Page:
Laura M. Watson
Laura M. Watson (CANDACE WEST / COPYRIGHT 2013)

Miami-Dade Circuit Judge Beatrice Butchko threw out a 5-year-old defamation lawsuit brought by Broward Circuit Judge Laura Watson against a Miami law firm that won a judgment against her.

The firm of Stewart Tilghman Fox & Bianchi and attorneys Larry Stewart, Todd Stewart and William Hearon were sued by Watson after Palm Beach Circuit Judge David Crow entered a $1 million judgment against her. He found her law firm was unjustly enriched by its participation in a secret $14.5 million settlement with Progressive Insurance.

Watson’s firm was one of three personal injury protection law firms that initiated a quasi class action against Progressive to recoup money allegedly owed to the medical providers of auto accident victims. The PIP attorneys brought in the Stewart Tilghman team to handle bad faith claims.

After Crow’s decision, Larry Stewart was quoted in a 2008 Daily Business Review article saying, “They were screwing us, and they were screwing the doctors out of settlement money. We sued them for screwing us.”

Watson objected to the comment and sued in Broward Circuit Court for defamation, abuse of process and malicious prosecution. Her lawsuit claimed Crow exonerated her because the judgment was against her firm and not her personally.

Watson was elected to the bench in November 2012, escaping a Florida Bar finding of probable cause that would have led to a full ethics inquiry if she had stayed in private practice.

On Feb. 12, the state Judicial Qualifications Commission concluded a three-day ethics trial examining her role in the 2004 settlement. Watson never paid the judgment, but she testified during the trial that she spent $800,000 defending herself.

While the JQC was preparing for trial, Stewart Tilghman filed a motion to strike Watson’s causes of action “as a sham.” Chief Broward Circuit Judge Peter Weinstein moved the case to Miami-Dade.

In Butchko’s order Thursday, she reviewed Crow’s judgment and Watson’s claim that “she successfully defended and defeated an action” and “was exonerated of all wrongdoing”

“The court finds that Ms. Watson’s allegations to that effect are false and untrue,” Butchko said.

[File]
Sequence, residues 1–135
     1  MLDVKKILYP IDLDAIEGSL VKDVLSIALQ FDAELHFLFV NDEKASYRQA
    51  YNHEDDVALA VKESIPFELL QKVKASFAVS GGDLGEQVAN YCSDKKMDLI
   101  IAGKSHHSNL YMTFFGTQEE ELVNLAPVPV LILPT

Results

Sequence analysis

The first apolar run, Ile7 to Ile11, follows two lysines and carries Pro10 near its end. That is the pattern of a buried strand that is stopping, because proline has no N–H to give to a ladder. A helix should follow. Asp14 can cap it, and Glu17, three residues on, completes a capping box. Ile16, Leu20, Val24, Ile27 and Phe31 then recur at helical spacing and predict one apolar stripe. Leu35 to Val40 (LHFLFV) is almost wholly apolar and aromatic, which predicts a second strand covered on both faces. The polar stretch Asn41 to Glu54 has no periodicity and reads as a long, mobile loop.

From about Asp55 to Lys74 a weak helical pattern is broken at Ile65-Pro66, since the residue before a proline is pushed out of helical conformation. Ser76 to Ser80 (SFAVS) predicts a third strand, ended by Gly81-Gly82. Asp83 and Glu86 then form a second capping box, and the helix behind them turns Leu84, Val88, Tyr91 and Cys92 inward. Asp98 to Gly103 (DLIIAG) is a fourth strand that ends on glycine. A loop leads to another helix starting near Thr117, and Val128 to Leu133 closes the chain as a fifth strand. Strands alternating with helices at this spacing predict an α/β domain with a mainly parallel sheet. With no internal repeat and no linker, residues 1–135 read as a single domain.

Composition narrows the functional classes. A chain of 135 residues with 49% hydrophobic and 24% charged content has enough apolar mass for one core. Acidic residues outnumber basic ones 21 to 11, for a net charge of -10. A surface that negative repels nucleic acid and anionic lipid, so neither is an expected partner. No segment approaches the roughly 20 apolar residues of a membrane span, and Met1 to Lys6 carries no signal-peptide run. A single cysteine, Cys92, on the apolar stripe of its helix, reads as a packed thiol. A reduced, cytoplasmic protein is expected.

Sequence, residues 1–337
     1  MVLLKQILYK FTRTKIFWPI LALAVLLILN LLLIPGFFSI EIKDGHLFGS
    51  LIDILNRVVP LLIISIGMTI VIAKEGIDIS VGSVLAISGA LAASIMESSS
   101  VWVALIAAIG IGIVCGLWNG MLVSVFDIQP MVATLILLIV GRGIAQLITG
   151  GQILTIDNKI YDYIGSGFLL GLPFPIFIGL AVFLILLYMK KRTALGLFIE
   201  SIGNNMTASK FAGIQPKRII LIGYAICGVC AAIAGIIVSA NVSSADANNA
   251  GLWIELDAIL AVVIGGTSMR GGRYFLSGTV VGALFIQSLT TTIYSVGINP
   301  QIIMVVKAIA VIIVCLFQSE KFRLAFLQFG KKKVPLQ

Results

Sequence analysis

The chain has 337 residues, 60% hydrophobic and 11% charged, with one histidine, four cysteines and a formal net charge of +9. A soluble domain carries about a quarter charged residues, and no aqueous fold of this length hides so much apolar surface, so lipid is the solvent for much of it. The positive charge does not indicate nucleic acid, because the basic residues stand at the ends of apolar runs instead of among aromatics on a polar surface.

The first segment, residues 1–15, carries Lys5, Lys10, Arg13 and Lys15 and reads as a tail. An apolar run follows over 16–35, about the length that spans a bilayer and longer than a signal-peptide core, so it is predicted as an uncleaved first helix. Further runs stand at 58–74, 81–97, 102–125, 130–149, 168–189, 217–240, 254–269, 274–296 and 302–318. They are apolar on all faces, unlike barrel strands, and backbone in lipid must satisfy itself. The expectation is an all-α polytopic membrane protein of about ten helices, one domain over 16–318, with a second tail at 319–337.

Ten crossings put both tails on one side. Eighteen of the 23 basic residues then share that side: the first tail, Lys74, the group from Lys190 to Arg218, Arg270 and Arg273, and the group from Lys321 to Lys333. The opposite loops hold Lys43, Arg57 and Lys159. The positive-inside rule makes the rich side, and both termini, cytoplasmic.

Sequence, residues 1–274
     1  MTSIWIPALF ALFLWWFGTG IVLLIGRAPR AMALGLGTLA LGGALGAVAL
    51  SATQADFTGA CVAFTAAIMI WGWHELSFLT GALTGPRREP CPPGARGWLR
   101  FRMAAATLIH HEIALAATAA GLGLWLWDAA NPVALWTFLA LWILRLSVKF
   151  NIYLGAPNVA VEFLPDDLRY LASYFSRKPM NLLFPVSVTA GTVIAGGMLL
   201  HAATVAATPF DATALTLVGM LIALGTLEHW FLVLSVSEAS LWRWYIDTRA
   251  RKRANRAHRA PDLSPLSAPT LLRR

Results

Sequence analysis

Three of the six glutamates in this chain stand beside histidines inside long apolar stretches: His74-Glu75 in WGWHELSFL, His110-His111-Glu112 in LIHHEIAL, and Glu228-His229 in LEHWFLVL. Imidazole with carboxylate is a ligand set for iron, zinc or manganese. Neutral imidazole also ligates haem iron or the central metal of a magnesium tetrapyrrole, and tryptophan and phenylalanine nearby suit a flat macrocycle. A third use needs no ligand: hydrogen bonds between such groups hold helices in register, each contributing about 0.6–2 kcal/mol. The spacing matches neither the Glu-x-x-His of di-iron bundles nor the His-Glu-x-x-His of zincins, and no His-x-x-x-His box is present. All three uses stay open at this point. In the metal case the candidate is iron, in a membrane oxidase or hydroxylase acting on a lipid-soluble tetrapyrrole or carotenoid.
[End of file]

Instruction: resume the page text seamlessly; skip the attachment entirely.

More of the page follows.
As for Stewart’s statements, Butchko said they were in accord with Crow’s findings.

“There is no factual basis for the plaintiff’s defamation claim. That claim is demonstrably false,” Butchko wrote. “Instead, it is clear from Judge Crow’s findings that he did in fact determine that Ms. Watson and the other defendants in the underlying action had committed various breaches of fiduciary duty and had attempted to defraud co-counsel.”

Butchko acknowledged the judgment was against Watson’s firm, then said the law firm’s misdeeds were “based entirely on her own misconduct.”

“In fact, Judge Crow was sufficiently dismayed by Ms. Watson’s conduct that she was referred to the Florida Bar,” she said.

On Watson’s abuse of process and malicious prosecution claims, Butchko cited the Florida Supreme Court’s 2007 decision in Echevarria v. Cole, which reinforced absolute immunity in all causes of action that relate to a judicial proceeding.

“It is inconceivable that plaintiff was not aware of the Supreme Court’s very specific findings in Echevarria at the time that she initiated what can only be characterized as unfounded litigation,” Butchko wrote.

She reserved jurisdiction to hear a motion assessing legal fees and costs.

Stewart Tilghman declined to comment.

Watson was represented by Stephen Rakusin, a Fort Lauderdale real property and probate attorney. Watson is assigned to the family division. She and Rakusin did not respond to requests for comment by deadline.